The Missouri Model: Missouri Developmental Milestone Checklist Program

How was the Missouri Model Developed?

Family Care Nutritionist

In 2010, the University of Missouri was one of four grantees funded by the Centers for Disease Control and Prevention (CDC) to explore how best to expand the reach of Learn the Signs. Act Early. messages and materials to engage families in monitoring their children’s early developmental milestones. The Missouri WIC Developmental Milestone Programexternal icon was developed to address the needs of both WIC clients and WIC staff around developmental monitoring.

The Missouri Program was developed in two phases before being expanded statewide: Phase I implementation included 11 WIC clinics in the city of St. Louis; Phase II further tested the model developed during the first phase by replicating in nine additional WIC clinics across four diverse, eastern counties of Missouri.

The program was developed and refined to

  • Build the Program around CDC’s Learn the Signs. Act Early. (LTSAE) public health campaign to promote developmental monitoring;
  • Have WIC staff promote developmental monitoring by supporting parents in completing developmental milestone checklists;
  • Overcome previous barriers in addressing developmental concerns by WIC staff; and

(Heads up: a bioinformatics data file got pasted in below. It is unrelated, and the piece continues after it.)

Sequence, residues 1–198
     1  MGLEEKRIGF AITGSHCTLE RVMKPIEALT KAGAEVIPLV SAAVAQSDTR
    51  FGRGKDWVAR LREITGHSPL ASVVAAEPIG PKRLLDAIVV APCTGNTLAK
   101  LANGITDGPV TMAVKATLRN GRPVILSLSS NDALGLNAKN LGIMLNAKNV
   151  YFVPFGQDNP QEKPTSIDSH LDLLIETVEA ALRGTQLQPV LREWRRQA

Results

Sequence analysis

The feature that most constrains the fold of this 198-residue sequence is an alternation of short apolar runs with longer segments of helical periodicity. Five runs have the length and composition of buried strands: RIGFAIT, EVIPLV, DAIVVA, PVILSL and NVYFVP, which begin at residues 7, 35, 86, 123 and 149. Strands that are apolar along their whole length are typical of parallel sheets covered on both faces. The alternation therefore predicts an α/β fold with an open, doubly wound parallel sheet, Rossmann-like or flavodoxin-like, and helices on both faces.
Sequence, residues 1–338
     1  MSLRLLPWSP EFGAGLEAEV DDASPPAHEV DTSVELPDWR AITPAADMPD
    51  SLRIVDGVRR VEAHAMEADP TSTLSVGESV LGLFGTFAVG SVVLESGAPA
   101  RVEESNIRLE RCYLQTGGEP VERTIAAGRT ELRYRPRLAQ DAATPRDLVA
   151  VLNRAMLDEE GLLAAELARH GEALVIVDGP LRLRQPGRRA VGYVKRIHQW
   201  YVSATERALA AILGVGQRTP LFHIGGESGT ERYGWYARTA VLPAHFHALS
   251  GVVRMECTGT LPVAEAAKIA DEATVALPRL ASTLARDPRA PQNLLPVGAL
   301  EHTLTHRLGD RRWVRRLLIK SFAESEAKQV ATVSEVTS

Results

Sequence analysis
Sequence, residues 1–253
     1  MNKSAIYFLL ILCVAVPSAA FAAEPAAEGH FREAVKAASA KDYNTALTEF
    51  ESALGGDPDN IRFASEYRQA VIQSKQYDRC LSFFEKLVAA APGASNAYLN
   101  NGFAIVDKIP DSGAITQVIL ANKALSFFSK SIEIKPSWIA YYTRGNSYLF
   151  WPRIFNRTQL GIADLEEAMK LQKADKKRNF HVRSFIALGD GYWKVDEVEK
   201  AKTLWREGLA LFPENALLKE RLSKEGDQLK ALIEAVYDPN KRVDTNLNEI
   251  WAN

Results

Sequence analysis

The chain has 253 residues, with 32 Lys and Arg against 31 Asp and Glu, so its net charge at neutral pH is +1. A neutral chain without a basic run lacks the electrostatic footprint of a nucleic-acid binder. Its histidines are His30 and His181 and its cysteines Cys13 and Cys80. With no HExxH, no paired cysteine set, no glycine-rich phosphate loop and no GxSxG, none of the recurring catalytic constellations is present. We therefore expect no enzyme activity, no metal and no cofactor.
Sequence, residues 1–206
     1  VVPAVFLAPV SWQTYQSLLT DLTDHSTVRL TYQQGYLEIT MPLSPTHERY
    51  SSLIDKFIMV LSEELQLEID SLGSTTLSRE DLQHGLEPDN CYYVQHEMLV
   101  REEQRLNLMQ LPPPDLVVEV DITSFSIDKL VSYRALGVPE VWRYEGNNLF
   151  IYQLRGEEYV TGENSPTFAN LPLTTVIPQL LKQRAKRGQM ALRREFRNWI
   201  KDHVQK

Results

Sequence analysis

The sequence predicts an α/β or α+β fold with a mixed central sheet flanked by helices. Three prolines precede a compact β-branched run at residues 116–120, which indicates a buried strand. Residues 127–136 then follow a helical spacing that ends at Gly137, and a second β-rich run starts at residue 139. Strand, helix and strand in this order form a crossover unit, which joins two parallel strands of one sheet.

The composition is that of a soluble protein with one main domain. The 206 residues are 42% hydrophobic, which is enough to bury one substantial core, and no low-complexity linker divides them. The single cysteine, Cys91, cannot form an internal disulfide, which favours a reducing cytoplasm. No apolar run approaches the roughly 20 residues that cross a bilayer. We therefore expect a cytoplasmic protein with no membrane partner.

• Ensure that the Program works in real-life WIC settings.

The campaign’s primary messages to parents are: (1) learn the signs of healthy child development; (2) act early if there is a concern; and (3) talk to your child’s doctor. Those messages are built into a series of age-specific checklists, ranging from age 2 months through 5 years. The messaging was reinforced by colorful, family-friendly graphics on the walls and floors of WIC clinics. The graphics introduce key concepts of early child development in a fun, engaging way.


97 percent

What Difference Did It Make?

  1. More children’s development was monitored by their parents
    • In 18 months, >14,000 parents in St. Louis and nine clinics across eastern Missouri completed milestone checklists.
  2. Parents learned new information about child development
    • Of 119 parents participating in a survey about the Program, 97% reported learning new information about child development from the Program materials.
  3. Children with missed milestones were referred to their doctor for developmental screening, were further evaluated if needed, and received services, if needed.
    • The Program evaluated referral outcomes of 122 children aged 12–48 months who were referred to their primary care doctors for possible developmental concerns during the first 6 months of program implementation. Of the 122 children, 84 returned to WIC clinics during the following 6 months, and parents reported what happened after the referral:
    • 61% of the 84 children were seen by their doctor because of the WIC referral.
    • Of the children seen by their doctors, 41% were referred on for additional testing by other professionals and 29% accessed intervention services.

What Did WIC Providers Think of the Program?

Doctor reviewing a milestone checklist with a parent

WIC staff found the Program to be useful…

  • 90% said the Program helped them learn when to refer and how to support parents
  • 95% said they referred one or more children
  • 95% said the Program promotes healthy development

and easy to implement!

  • 95% said parents were willing to complete the checklists
  • 80% said the program takes 5 minutes or less

Additionally, in focus groups, WIC staff indicated that the Program engages parents, empowers staff members, and leads to completed doctor referrals.